New Orleans, 4 Months Later

Jan 12, 2006 by

Let me start with a huge Thank You to the citizens of Dobbs Ferry, NY who are joining us. (Their local newspaper called us up to do a followup interview and it hits the stands today) Your kindness and hospitality got us through the chaos and fear of the first two months after the storm. From my dear old friends Sean and Jo Hastings taking us into their home on Main St, to Anthony at Ricci’s Deli across the street whose generosity helped make the trip home possible we saw the best humanity can offer while in exile. Molly and Cynthia Rodriguez, Jim Mc Que, Angelo Tisi, Christy, Louis, Mike, George The Brit and many others- we cannot thank you enough.

So you want to know what its like down here now? Well, as I listen to the sound of yet another Coast Guard helicopter flying overhead I try to think of what to describe. Its simultaneously bleak and hopeful here, but then New Orleans now is a city of paradoxes and contrasts. My neighborhood, just outside the Garden District, escaped almost completely from the storms yet a few mere blocks away it becomes no mans land. Fourteen blocks from here my friend Dudley is the one lit house in an island of darkness that stretches to within three blocks of my front door. Being over there is almost like being on an island.

Since the phone interview with the Enterprise we have had another upsurge of business openings as well as more schools and shops. A block away on St Charles Avenue schoolgirls from Academy of the Sacred Heart play soccer on their campus. As UNO opens doors and Tulane prepares to do the same students have begun to flow into the city. The slow but determined trudge towards normality takes a few more steps.

We have been battered by these events. Beaten up physically, emotionally, financially, and taken a good solid uppercut to our idealism. Where the local, state and federal goverments fail to move ahead we just get on with it. Volunteer groups like the Katrina Krewe take to the streets cleaning the rubble that continues sit throughout the city (visit that link for some great before and after shots). Groups like Common Ground were, for quite some time, the only medical option while our people waited for the calvary to arrive. Good thing New Orleanians are tough, pragmatic when they need to be, and ready for a good stiff drink afterwards.

Now today Bush was here in my own neighborhood, adding yet more insult to injury as this quote from WWL TV (our local station) shows:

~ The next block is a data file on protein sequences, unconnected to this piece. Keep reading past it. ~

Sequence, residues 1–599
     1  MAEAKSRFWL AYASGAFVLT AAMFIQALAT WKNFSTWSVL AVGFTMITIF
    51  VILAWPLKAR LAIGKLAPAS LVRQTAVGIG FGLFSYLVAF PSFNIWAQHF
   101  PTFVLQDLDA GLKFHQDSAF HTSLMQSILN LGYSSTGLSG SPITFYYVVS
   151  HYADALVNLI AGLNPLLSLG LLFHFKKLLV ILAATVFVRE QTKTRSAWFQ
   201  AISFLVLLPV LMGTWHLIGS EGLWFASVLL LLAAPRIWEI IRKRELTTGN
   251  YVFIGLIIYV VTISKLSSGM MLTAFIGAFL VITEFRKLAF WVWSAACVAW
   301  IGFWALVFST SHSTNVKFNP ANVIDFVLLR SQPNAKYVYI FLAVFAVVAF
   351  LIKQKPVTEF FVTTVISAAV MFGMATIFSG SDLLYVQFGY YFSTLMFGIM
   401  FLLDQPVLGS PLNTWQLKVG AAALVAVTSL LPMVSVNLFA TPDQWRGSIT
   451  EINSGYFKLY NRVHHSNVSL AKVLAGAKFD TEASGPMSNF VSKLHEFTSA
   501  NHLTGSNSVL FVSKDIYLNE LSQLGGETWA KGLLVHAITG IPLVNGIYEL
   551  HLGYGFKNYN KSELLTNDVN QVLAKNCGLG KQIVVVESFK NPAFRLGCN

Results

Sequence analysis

“Some of the president’s language in New Orleans recalled the more pilloried statements from his first stop in the region four days after Katrina struck.

On that visit, he laughingly lauded the increasingly desperate city as great because it was where he used to “enjoy myself – occasionally too much.” On Thursday, he said the New Orleans of today “is reminding me of the city I used to come to visit.”

Bush also called the city “a heckuva place to bring your family” – a reminder of his endorsement of Michael Brown, then chief of the Federal Emergency Management Agency. “Brownie, you’re doing a heckuva job,” Bush said then to the man who was seen by many as the face of the clumsy and who eventually gave up his post amid the criticism.”

– Click Here for the Full Article on WWLTV.Com

And you can read the perspective of a source closer to Dobbs Ferry by checking out the New York Times article about his visit. Needless to say there is little to no faith in federal promises amongst those I have spoken with. We have serious abandonment issues.

Party affiliation has nothing to with it. Read Schoolgirls in life jackets tell president city needs rescue

, it’s about a very unique rally trying to get him to live up to his bold words of the first visit. The schoolgirl who was quoted as saying “40% of my friends lost their home,” speaks for all of us.

As I write I know it sounds bleak, and in many ways it is. At the same time there is a dogged determination and enthusiasm to rebuild. Most places that are open are humming with business. Restaurants, bars, coffeshops, department stores all have long and constant lines. Evryone is new at their job and everyplace is shorthanded. Its a worker’s market here and most of the wages are showing it. Of course many of the prices are going up as well, especially rents.

We are so lucky to have a landlord who is an honorable man. Not only did he look after the place until we could return, but he also did not increase the rent. Right now , as far as I know , he is one of the only ones. Places half the size of our Carriage House are going for twice that in the Post-K game of real estate. Interesting note: our landlord knows Dobbs Ferry well. He grew up across the Hudson in New Jersey and used to spend a good bit of time there.

If you want to keep up with what is happening here please stop by this site, and be sure to leave a comment. Moral support is something we can always use these days. Which reminds me, that is one of the most important reasons that we WILL have Mardi Gras this year. After the past four months we all need to let off a little steam, New Orleans style. (Ask Big Mike at Ricci’s Deli on Main St., he’s flying in to join us this year. Hope he can keep up…)

May the New Year be good to us all. Stay in touch and don’t forget us.

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